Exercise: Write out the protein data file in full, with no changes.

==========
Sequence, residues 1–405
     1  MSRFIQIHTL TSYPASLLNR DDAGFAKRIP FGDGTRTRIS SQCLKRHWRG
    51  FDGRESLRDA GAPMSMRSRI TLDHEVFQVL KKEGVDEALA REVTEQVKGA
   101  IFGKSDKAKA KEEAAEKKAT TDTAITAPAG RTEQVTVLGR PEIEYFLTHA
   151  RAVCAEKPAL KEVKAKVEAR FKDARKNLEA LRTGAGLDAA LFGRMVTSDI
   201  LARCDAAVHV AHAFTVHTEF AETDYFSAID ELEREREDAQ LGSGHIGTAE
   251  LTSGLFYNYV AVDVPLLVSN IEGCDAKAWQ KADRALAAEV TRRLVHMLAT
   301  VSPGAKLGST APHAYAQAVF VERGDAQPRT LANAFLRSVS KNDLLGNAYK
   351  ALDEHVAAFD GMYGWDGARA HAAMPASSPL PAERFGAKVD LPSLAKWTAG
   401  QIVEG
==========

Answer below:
Sequence, residues 1–405
     1  MSRFIQIHTL TSYPASLLNR DDAGFAKRIP FGDGTRTRIS SQCLKRHWRG
    51  FDGRESLRDA GAPMSMRSRI TLDHEVFQVL KKEGVDEALA REVTEQVKGA
   101  IFGKSDKAKA KEEAAEKKAT TDTAITAPAG RTEQVTVLGR PEIEYFLTHA
   151  RAVCAEKPAL KEVKAKVEAR FKDARKNLEA LRTGAGLDAA LFGRMVTSDI
   201  LARCDAAVHV AHAFTVHTEF AETDYFSAID ELEREREDAQ LGSGHIGTAE
   251  LTSGLFYNYV AVDVPLLVSN IEGCDAKAWQ KADRALAAEV TRRLVHMLAT
   301  VSPGAKLGST APHAYAQAVF VERGDAQPRT LANAFLRSVS KNDLLGNAYK
   351  ALDEHVAAFD GMYGWDGARA HAAMPASSPL PAERFGAKVD LPSLAKWTAG
   401  QIVEG